CSE132 Practice Midterm Exam

  1. Model/View/Controller (15 points)

    Consider the class Die shown below, that represents a controller for a die.

    import java.util.Random;
    public class Die {
       final private Random rand;
       private int curValue;
       public Die() {
          rand = new Random();
      public int getValue() {
         return curValue;
      public void toss() {
         curValue = rand.nextInt(6);
    Using classes already aware of model/view/controller (as we did in Week 1 and in Studio 1), show how you would modify Die to implement model/view/controller:
    1. What is the model, where is it instantiated, and how is it used in Die?
    2. Describe one or more reasonable views of the model.
    3. Describe the user interaction possibilities with the view. How can the user control the die to be toss()ed from the view?

  2. Concurrency (60 points)

    Consider the following ticket manager (TM) class that manages integers given out for a take-a-number system. Such systems manage crowds of customers by having each customer take a ticket, which bears a number. When the number is called, the customer is served. For this problem, do not concern yourself with limits on the value an int can assume.

    public class TM {
        private int currentlyServed;   // ticket number now being served
        private int lastCustomer;      // last ticket given out so far
          *  currentlyServed >= lastCustomer  means nobody is waiting
        public TM() {
           currentlyServed = 0;
           lastCustomer    = -1;
        public Ticket takeNumber() {
           lastCustomer = lastCustomer + 1;
           return new Ticket(this, lastCustomer);
        //  Number now being served
        public int nowServing() {
           return currentlyServed;
        public void returnTicket(Ticket t) {
           if (t.getNumber() == currentlyServed) 
           else throw new Error("Security violation! (assume this won't happen)");
        protected void advance() {
           currentlyServed = currentlyServed + 1;
    The above class should meet the following conditions:
    Numbers are given out in sequence and no two people get the same number.
    1. When used unmodified in a multithreaded environment, the above conditions can be violated. Show in detail how that can happen.
    2. Modify the TM class so that it is thread-safe. Use only as much synchronization as is necessary to maximize concurrency and to get full credit.
    3. Using your solution for TM from the previous question, complete the Ticket class (on an extra sheet of paper, neatly) so that it operates correctly and is thread-safe.
      Do not make any other modifications to TM in your response for this question.

      public class Ticket {
         private final TM tm;
         private final int num;
         public Ticket(TM tm, int myNumber) {
            this.tm  = tm;
            this.num = myNumber;
         // You must implement the method below according to the following:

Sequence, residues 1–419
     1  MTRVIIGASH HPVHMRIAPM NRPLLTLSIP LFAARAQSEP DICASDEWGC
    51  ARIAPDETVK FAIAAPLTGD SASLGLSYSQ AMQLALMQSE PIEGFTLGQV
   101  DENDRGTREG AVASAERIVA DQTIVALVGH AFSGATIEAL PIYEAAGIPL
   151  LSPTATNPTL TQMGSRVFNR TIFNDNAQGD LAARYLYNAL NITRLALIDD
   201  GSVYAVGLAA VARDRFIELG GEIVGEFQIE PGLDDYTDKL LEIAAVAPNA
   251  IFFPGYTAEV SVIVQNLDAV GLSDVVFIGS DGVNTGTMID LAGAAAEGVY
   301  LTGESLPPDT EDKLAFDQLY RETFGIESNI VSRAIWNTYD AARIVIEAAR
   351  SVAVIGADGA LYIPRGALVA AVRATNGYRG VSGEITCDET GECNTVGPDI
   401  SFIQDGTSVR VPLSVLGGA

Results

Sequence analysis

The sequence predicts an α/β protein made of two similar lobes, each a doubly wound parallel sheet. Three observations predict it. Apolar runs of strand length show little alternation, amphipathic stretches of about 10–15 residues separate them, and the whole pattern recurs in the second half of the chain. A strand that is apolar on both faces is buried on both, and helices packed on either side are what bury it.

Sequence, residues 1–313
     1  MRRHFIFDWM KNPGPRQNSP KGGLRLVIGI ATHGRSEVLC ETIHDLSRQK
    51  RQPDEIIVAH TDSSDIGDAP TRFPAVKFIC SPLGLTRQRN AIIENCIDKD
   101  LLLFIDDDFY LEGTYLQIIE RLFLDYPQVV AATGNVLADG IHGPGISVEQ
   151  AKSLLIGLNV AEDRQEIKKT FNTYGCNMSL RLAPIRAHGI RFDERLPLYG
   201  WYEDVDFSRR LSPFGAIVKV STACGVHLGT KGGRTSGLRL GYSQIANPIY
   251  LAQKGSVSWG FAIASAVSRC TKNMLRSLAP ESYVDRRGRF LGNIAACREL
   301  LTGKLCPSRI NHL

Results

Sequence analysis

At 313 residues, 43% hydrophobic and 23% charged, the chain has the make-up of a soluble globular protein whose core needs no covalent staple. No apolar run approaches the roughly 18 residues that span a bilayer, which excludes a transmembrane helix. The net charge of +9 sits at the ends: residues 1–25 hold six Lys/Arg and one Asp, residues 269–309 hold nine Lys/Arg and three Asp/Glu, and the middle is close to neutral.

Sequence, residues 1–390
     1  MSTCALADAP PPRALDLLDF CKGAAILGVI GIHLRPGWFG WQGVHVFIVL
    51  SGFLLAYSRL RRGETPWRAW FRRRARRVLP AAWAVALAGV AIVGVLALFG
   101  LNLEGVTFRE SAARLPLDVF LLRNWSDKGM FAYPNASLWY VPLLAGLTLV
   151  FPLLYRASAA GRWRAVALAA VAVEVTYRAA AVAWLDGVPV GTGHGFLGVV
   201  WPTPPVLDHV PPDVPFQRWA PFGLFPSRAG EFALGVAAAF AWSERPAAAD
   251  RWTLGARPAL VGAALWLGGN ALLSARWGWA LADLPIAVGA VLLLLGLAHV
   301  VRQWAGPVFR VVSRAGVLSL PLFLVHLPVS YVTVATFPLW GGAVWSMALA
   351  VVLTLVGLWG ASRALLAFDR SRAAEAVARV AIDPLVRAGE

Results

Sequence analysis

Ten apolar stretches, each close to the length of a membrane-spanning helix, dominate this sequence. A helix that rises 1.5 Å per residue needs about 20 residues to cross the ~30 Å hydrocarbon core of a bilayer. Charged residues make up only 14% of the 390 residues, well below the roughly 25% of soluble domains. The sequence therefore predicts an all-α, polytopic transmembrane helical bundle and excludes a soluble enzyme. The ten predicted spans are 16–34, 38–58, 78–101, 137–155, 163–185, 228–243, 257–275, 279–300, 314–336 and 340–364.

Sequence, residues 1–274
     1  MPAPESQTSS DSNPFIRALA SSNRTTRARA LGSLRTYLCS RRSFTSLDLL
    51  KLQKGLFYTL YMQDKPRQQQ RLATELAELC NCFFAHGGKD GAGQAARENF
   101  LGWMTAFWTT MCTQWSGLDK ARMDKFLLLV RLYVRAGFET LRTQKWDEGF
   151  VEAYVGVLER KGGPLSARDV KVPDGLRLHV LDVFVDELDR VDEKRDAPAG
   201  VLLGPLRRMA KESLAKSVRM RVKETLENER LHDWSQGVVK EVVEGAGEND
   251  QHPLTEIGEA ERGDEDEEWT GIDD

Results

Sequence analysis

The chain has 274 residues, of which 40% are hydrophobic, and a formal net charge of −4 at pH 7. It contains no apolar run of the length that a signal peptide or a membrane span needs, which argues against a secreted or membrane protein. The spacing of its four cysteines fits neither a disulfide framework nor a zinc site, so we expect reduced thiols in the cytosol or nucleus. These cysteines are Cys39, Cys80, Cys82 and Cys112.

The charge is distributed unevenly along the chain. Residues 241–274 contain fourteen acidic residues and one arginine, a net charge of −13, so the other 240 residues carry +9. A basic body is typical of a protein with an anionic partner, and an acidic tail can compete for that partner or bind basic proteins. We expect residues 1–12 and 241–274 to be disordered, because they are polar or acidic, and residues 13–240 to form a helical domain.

//  When it's my turn to be served now, return true
         //  If I am too late ever to be served, return false
         //  otherwise wait until one of the above conditions holds
         public boolean waitForMyTurn() {
         // When I am done being served, I must call done
         public void done() {
         // No need to change this
         public boolean invokeWhenMyTurn(Runnable r) {
             if (waitForMyTurn()) {
                 try {
                 finally {
                 return true;
             else return false;
         public int getNumber() {
            return num;
    4. Why is the Runnable invoked within a try...finally block in invokeWhenMyTurn(Runnable)?
    5. Under what circumstances would a customer find that his or her turn was passed up? In other words, what sequence of actions would cause invokeWhenMyTurn(Runnable) to return false?
      Your response must be restricted to the code we both see (based on your answers) for the TM and Ticket classes.
    6. Why is advance() not public? Consider a subclass of TM that calls advance() at will (when getting impatient for a customer to take his or her turn).

      How does this affect the operation of the system?

  3. Deadlock and liveness (25 points)

    Consider a grocery store that has multiple take-a-number stations (for example, the deli, bakery, fish market). Each station operates by calling numbers from its own TM and waiting on its own customers.

    Consider a Customer object that is instantiated with an array of TM objects. The Customer constructor can take at most one number from each of the TMs provided.

    1. What steps must the grocery store take to ensure there is no deadlock among Customers due to the multiple take-a-number stations?
    2. Describe how you would implement Customer so as to maximize liveness (i.e., minimize waiting time for this and all Customers). For example, a Customer should not have to wait long to do something if one station has a long wait and another has no wait at all.
      Because each station's service times are unpredictable, do not base your response on the apparent time remaining before a given ticket might be called.